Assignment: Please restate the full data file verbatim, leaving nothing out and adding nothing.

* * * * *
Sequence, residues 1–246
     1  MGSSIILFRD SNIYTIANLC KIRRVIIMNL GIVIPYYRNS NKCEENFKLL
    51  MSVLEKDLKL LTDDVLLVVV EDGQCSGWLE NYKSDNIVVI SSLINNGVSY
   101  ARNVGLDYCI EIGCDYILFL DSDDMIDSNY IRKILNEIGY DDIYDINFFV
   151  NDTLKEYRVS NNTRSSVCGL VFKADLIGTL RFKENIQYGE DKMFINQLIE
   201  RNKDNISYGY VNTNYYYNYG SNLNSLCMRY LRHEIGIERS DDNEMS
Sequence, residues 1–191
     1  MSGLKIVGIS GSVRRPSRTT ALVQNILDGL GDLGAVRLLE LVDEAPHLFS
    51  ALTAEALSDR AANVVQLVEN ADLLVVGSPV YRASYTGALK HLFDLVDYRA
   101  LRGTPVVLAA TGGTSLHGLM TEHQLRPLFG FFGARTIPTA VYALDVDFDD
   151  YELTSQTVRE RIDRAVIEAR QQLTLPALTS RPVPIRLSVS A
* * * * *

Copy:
Sequence, residues 1–246
     1  MGSSIILFRD SNIYTIANLC KIRRVIIMNL GIVIPYYRNS NKCEENFKLL
    51  MSVLEKDLKL LTDDVLLVVV EDGQCSGWLE NYKSDNIVVI SSLINNGVSY
   101  ARNVGLDYCI EIGCDYILFL DSDDMIDSNY IRKILNEIGY DDIYDINFFV
   151  NDTLKEYRVS NNTRSSVCGL VFKADLIGTL RFKENIQYGE DKMFINQLIE
   201  RNKDNISYGY VNTNYYYNYG SNLNSLCMRY LRHEIGIERS DDNEMS
Sequence, residues 1–191
     1  MSGLKIVGIS GSVRRPSRTT ALVQNILDGL GDLGAVRLLE LVDEAPHLFS
    51  ALTAEALSDR AANVVQLVEN ADLLVVGSPV YRASYTGALK HLFDLVDYRA
   101  LRGTPVVLAA TGGTSLHGLM TEHQLRPLFG FFGARTIPTA VYALDVDFDD
   151  YELTSQTVRE RIDRAVIEAR QQLTLPALTS RPVPIRLSVS A